How to Win the Hispanic Gold Rush Book Overview Book Contents About the Authors Buy This Book
by Francisco J. Valle, Judy M. Mandel | Publisher: (October 2003) | ISBN: 0595658369

Hispanics will energize the U.S. consumer market as never before.

How to Win the Hispanic Gold Rush™:
Critical Cultural, Demographic, Marketing, and Motivational Factors

The California Gold Rush of the 1850s produced great financial rewards for those visionaries who anticipated the needs of a promising market and seized the opportunity. We are currently at the beginning of another great business phenomenon—“the Hispanic Gold Rush™” of the 21st century.

The phenomenal growth in the number of Hispanics in the United States between 1990 and 2000 caught even the most sophisticated demographers off guard. During this decade, according to Census 2000, the Hispanic population grew to 35.3 million, an increase of almost 58%. This figure did not include the 3.8 million Hispanics living in Puerto Rico. During this same 10-year period, the non-Hispanic population increased by 13.2%. In the year 2000, Hispanics comprised 12.5% of the U.S. population, and blacks, 12.6%. By the year 2000, one of every eight people in the U.S. was of Hispanic origin.


Even more astounding was the exponential increase in the number of Hispanics between 2000 and 2002. Updated population estimated figures released in June 2003 by the U.S. Census Bureau indicated that the number of Hispanics jumped nearly 0.8% to 13.3% of the U.S. population. The Hispanic population had experienced a 9.8% growth rate since 2000, versus 2.5% for the nation. Hispanics accounted for more than one half of the total U.S. population growth between April 2000 and July 2002. Hispanics officially became the largest minority group in the country. Keeping step with this growth in population size is the rising median income of Hispanics.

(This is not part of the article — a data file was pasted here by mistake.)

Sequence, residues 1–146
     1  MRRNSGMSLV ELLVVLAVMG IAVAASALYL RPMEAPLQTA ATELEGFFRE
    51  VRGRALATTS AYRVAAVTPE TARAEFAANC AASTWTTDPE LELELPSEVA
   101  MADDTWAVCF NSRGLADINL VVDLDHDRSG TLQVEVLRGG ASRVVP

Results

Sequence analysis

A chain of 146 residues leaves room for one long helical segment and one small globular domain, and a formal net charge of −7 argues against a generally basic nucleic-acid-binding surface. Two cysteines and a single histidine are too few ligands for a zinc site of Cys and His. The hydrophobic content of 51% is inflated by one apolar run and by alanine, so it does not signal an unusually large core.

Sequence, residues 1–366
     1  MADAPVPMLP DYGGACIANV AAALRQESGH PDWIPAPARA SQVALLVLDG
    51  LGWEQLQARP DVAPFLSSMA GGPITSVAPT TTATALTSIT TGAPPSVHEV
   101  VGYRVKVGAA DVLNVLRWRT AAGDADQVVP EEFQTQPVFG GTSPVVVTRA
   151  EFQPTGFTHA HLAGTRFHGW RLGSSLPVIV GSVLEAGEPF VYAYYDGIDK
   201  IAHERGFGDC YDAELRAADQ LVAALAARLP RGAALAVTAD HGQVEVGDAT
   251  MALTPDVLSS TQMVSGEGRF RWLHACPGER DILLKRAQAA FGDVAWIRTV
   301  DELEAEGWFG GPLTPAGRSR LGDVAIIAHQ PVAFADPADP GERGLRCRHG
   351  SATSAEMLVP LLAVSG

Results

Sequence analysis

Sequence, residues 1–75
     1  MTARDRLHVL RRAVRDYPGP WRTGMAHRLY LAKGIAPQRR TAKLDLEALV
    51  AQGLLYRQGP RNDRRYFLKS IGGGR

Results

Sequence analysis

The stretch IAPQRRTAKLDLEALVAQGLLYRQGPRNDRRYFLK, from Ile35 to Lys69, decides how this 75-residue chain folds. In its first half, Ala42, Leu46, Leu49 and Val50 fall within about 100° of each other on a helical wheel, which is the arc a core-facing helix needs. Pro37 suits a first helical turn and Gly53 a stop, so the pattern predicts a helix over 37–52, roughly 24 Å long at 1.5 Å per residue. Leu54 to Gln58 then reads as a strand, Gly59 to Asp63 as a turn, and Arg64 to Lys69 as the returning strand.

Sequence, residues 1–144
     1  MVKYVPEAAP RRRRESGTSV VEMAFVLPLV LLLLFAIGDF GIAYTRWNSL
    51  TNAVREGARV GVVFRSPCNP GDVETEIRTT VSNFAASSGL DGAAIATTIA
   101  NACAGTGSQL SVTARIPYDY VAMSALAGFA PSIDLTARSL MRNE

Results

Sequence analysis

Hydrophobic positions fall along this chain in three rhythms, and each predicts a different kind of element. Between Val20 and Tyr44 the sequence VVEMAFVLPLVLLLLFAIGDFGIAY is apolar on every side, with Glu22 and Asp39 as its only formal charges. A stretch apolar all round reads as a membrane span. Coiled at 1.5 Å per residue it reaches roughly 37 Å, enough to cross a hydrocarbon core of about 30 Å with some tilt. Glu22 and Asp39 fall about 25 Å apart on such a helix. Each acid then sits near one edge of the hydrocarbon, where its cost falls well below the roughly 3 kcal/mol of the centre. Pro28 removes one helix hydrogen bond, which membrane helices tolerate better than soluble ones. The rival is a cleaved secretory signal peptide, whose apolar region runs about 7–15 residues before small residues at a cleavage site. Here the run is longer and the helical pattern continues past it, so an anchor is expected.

In the 10 years prior to the beginning of the 21st century, the median income of Hispanics increased faster than for any other segment of the population. Between 1990 and 2002, their overall buying power grew by 160%. It is projected that by 2007, it will exceed the 1990 value by 315%. Meanwhile, non-Hispanic buying power will increase 121%. Hispanic buying power in 2005 will surpass black buying power, $764 billion vs. $760 billion, respectively.


The combination of the escalating number of Hispanics and the unlimited market potential they represent for U.S. businesses is what led Francisco J. Valle, the co-author of this book, to refer to this phenomenon as “The Hispanic Gold Rush™.” Government agencies and profit and non-profit organizations have recognized the possibilities of this market and have made its penetration a key component of their strategic growth plans.

Organizations are certainly trying to do all the “right things” to leverage the potential that this market offers. Many businesses have developed products or services tailored specifically for the Hispanic market. However, in spite of their massive investments of effort and resources, many businesses have experienced only limited success and have not gained the loyalty they expected from Hispanic consumers.

This book explains:
the reasons why many organizations have had little success in marketing to Hispanics in the United States
practical tools to help businesses better direct their resources to succeed in this challenging marketplace
demographic data about the Hispanic population
valuable information about cultural and motivational traits that are unique to Hispanics and that determine their purchasing decisions
four potential steps organizations can take to significantly and effectively increase their sales to this important ethnic group

Hispanics will not join the mainstream market as fast as other ethnic groups have done in the past.


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